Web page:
Summary of a JCPA JERUSALEM ISSUE BRIEF, Vol. 6, No. 4, 25 July 2006, by Lt.-Gen. (ret.) Moshe Yaalon and Maj.-Gen. (res.) Yaakov Amidror [follow this link for the full article]....
- Discussions about security arrangements in Lebanon at the end of the war have included the proposal to station an international force in that country. Yet the UN has a very bad name in terms of confronting strong forces in areas where it is stationed.
- The only logical basis for an international presence is the creation of a force whose primary mission will be assisting the Lebanese Armed Forces in disarming Hizballah (as stated in UN Security Council Resolution 1559). Such a force should be deployed close to Beirut, at the border passages with Syria, and deep in the Lebanese Bekaa Valley.
- An international force has no role in southern Lebanon along the Israeli-Lebanese border. Israel itself is deployed along its northern border to defend itself and prevent the strengthening of Hizballah, should it try to move southward.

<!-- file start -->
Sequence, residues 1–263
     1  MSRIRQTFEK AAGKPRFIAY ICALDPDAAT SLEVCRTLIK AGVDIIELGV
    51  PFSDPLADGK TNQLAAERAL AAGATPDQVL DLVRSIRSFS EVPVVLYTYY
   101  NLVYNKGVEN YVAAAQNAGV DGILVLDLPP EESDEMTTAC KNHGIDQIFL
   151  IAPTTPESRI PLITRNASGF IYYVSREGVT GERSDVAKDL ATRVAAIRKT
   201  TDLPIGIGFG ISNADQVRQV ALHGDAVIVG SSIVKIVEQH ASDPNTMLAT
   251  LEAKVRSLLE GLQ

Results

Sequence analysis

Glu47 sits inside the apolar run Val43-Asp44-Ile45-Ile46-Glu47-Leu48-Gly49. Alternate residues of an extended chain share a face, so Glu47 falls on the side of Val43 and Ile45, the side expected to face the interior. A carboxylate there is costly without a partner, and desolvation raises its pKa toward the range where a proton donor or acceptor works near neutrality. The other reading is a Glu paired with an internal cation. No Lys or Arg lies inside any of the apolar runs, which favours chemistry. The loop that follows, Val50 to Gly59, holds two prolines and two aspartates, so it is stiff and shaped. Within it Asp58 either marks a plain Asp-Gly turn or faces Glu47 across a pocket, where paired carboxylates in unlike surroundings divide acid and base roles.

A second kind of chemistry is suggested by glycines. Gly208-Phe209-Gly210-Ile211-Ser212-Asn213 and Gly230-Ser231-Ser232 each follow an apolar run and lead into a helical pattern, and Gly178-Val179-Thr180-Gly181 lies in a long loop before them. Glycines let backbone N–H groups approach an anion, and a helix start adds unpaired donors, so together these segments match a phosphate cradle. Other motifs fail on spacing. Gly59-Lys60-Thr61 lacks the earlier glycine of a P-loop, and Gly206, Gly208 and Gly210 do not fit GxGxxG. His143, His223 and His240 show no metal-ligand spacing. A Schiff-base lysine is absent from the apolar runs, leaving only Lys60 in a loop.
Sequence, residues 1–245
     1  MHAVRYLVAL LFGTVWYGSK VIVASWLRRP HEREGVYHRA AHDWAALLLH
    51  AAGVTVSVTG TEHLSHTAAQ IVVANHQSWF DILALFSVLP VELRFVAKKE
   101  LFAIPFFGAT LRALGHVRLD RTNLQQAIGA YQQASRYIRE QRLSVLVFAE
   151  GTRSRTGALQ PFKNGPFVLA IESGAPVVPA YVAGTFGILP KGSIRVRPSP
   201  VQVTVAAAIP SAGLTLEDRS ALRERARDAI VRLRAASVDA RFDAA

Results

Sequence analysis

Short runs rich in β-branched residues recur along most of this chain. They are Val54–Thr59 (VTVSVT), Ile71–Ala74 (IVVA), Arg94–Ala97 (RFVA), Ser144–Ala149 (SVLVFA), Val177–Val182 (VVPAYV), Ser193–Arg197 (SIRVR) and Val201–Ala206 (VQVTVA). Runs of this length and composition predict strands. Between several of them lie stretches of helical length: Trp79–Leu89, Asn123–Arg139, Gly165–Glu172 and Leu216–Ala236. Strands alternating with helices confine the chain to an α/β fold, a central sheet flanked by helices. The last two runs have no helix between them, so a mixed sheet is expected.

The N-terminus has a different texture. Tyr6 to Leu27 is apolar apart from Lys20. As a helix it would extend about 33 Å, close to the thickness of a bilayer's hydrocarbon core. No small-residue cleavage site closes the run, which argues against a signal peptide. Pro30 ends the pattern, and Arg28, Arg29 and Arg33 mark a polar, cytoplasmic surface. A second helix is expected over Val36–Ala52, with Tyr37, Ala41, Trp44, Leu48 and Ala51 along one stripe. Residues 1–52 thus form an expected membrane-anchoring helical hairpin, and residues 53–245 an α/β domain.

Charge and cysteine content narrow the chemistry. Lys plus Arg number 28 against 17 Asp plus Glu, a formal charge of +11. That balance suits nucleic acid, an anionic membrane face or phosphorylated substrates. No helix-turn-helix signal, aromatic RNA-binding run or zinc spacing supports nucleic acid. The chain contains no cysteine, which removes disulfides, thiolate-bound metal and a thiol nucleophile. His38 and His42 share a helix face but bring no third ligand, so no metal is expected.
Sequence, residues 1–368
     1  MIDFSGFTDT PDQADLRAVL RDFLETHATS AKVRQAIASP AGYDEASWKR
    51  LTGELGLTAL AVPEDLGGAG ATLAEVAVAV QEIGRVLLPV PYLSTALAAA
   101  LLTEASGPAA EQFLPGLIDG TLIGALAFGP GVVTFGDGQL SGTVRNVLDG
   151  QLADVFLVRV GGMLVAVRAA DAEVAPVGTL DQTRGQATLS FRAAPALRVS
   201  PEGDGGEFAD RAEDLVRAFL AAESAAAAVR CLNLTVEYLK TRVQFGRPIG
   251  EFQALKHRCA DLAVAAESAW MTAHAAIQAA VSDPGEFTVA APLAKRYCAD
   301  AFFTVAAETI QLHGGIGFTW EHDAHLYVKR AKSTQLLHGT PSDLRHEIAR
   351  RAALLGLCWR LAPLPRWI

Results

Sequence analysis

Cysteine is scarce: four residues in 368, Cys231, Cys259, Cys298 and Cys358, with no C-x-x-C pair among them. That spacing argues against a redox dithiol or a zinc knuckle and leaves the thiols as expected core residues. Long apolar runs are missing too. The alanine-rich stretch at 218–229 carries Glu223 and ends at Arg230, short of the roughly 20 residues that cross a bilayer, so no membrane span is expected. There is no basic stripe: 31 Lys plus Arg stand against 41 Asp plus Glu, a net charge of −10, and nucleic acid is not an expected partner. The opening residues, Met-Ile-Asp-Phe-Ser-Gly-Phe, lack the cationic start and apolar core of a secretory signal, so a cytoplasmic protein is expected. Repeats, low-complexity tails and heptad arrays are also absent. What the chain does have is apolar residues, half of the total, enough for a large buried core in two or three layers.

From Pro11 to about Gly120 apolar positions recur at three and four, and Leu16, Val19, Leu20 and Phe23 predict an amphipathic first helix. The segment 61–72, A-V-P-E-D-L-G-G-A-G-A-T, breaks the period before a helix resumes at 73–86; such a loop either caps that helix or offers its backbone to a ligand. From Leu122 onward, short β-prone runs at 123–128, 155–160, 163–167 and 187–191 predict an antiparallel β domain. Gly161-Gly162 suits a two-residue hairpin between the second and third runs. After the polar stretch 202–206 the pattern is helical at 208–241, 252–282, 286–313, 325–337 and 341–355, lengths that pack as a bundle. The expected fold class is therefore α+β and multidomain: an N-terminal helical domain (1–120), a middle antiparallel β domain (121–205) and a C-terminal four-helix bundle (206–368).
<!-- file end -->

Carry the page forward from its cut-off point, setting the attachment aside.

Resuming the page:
- To complement this deployment, there should be an agreement prohibiting the building of fortifications in southern Lebanon - as in the agreement between Israel and Egypt. In addition, the UN should establish a supervisory force like UNSCOM to deal with locating and clearing out Hizballah's arms caches and preventing the building of new ones.
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Lt.-Gen. (ret.) Moshe Yaalon was the Chief of Staff of the Israel Defense Forces and is currently a distinguished military fellow at the Washington Institute for Near East Policy. Maj.-Gen. (res.) Yaakov Amidror heads the Institute for Contemporary Affairs at the Jerusalem Center for Public Affairs.